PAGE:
Leading a Public University

Above, speaking to students at Randall High School. 

I will resume the reflections on university research next week.

University leaders are required to make bold and innovative decisions. Never has innovation in higher education been needed more. However, ideas are divisive, and innovative ideas are even more so.

Regional higher education is fighting for its life. Population decrease, rising costs, public skepticism, living wage, and the pandemic are challenging the survival of higher education.

The faculty at WT recently took a vote of no confidence in my leadership. I did not respond during the process to avoid interfering with their right to judge my presidency. However, the public deserves to hear from me as the president of THE Panhandle’s University.

Shortly after my arrival at WT, I led the work of crafting a long-range plan for the University. More than 350 faculty, staff, alumni, community leaders, and elected officials examined the potential and weaknesses of WT. Their work led to the plan known as WT 125: From the Panhandle to the World. Oversimplifying, the plan boldly embraces regionalism as a defining characteristic of WT and makes the University responsible for addressing the issues and needs of students, families, and communities. WT proudly serves as a regional research university with an aspiration to be the leader in rural issues.

The long-range plan is the foundation for my leadership decisions.

I have visited every high school in Region 16 twice and Region 17 once. I shared with the students what I called “The Plan for One,” encouraging them to make a plan for their lives and become engaged and productive citizens. Through noble pursuits such as running a family business, joining the military, learning a trade, or attending college, this is a practical plan for all students.

I cautioned those attending college to not go into excessive debt. I said, “IF you have to borrow money for the first two years to come to WT, THEN consider community college. Work and pay for school without borrowing, THEN transfer to WT.

I encouraged them not to borrow more than 60% of the annual starting salary to obtain their degrees. I cautioned them to stay in contact with WT while attending community college to ensure their courses would transfer toward their major. I changed my messaging a year ago, however, when I learned the average community college transfer was borrowing over $10,000. Borrowing to attend community college defeats the purpose. I now tell students that if they are going to borrow, begin at WT because it is a better value.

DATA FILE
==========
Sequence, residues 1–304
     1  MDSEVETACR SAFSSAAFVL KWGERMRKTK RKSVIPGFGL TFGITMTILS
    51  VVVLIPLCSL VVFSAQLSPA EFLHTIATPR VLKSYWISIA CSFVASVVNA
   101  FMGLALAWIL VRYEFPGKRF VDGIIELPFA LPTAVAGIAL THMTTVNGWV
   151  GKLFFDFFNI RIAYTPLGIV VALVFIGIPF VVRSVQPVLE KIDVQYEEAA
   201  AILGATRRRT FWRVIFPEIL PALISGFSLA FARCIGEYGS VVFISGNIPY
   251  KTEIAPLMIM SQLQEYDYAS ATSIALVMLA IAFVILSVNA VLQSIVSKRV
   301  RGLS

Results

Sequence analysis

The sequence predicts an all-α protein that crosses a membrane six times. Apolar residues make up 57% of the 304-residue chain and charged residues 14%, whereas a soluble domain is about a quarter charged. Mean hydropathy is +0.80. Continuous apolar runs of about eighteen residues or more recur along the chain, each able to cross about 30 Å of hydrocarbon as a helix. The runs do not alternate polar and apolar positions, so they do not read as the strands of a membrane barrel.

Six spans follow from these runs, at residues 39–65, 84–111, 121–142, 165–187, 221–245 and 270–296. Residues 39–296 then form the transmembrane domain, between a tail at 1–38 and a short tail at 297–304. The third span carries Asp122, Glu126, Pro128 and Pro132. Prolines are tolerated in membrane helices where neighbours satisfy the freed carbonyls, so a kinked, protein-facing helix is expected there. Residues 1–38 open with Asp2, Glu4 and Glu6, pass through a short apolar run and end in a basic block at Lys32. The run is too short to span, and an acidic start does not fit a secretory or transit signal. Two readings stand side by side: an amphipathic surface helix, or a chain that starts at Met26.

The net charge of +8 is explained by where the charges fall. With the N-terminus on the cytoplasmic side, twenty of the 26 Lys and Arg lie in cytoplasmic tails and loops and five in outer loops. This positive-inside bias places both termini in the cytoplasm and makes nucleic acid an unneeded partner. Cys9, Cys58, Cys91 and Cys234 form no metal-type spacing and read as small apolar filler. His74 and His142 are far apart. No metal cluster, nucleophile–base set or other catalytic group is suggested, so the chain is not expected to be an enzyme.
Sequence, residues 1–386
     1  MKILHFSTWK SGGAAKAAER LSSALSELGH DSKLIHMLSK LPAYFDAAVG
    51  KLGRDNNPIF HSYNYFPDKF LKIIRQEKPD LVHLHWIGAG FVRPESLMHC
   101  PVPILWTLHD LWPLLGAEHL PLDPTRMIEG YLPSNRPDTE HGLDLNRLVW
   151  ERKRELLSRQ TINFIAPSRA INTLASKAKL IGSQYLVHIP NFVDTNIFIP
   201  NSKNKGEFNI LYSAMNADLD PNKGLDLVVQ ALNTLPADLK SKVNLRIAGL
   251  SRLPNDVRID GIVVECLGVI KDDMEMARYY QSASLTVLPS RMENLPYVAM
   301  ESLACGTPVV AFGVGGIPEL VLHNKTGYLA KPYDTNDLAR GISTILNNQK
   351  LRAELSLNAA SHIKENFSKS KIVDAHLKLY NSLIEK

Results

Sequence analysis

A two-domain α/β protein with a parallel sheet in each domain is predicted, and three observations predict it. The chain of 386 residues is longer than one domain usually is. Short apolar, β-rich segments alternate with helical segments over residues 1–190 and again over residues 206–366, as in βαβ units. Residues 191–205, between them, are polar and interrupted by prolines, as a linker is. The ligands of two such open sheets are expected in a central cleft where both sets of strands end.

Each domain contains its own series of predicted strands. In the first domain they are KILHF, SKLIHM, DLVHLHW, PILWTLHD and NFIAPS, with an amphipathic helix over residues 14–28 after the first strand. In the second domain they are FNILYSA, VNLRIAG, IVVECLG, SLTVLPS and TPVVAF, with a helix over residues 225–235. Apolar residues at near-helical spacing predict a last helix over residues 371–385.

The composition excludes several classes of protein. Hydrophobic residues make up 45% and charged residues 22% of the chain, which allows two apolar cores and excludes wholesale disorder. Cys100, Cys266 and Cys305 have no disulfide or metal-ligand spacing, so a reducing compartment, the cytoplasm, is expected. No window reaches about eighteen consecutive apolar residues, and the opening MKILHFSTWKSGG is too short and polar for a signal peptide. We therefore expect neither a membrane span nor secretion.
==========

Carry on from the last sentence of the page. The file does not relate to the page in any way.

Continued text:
Since my high school visits, WT has enrolled some of its largest freshman classes. Students and families want a university that is honest, transparent, and advocates for their interests. Compared to last year, fall enrollment applications are up 12%, admitted students are up 7%, transfer orientation registrations are up 26%, new student orientation registrations are up 3%, and residential hall occupancy is up 10%.

I have encouraged faculty to find ways to make WT affordable. I suggested that faculty consider a textbook-free campus to save costs for students.

The recent “Beat Any Offer” campaign shows prospective students that WT is a great value. Early results show that 42 freshman prospects submitted offers from other universities. In 32 cases, WT was a better deal, and WT sweetened the offer for the 10 freshman prospects with better offers.

My office has sent nearly 50,000 individual letters to students across the Panhandle and South Plains, congratulating them on achievements recognized in local media.

Critiques have accused me of “shaming and hurting” West Texas A&M University. Since my arrival at WT: (1) State funding for new and renovated buildings has never been higher; (2) TAMU System support in dollars invested in partnerships like VERO, TVMDL, and AgriLife on campus is unprecedented; and (3) Community support through the One West fundraising campaign is historic for WT and the Panhandle.

I am transparent about who I am and what shapes my thinking and values. Unapologetically, I am a Christian. I tell people so they know and understand that I, like them, am influenced by many things. I have been transparent in the almost one million words I have written in op-eds since 2007. Everyone will not agree with my ideas, nor should they. This is how academic institutions should work—the free exchange of ideas and thought.

As president, I expect every office on campus to be a safe place for members of the WT community regardless of the type of diversity they represent. We are all more alike than we are different. Unfortunately, though, some feel treated unfairly if one disagrees with them. A university should be a breeding ground for innovative ideas and a model for disagreeing yet remaining in community.

Intellectual integrity on a university campus should be able to tolerate diversity of all kinds, including diversity in thinking. I expect WT to be an educational environment where students whose ideas differ from others, including faculty, are constructively discussed and debated.

As president of WT, I understand and accept that with every decision comes criticism. That is an expectation of the work. I choose to make strong decisions with the intention of strengthening and growing West Texas A&M University. Not all ideas work. But I plan to continue finding innovative ways for WT to boldly fulfill its educational mission.

Walter V. Wendler is President of West Texas A&M University. His weekly columns, with hyperlinks, are available at https://walterwendler.com/.

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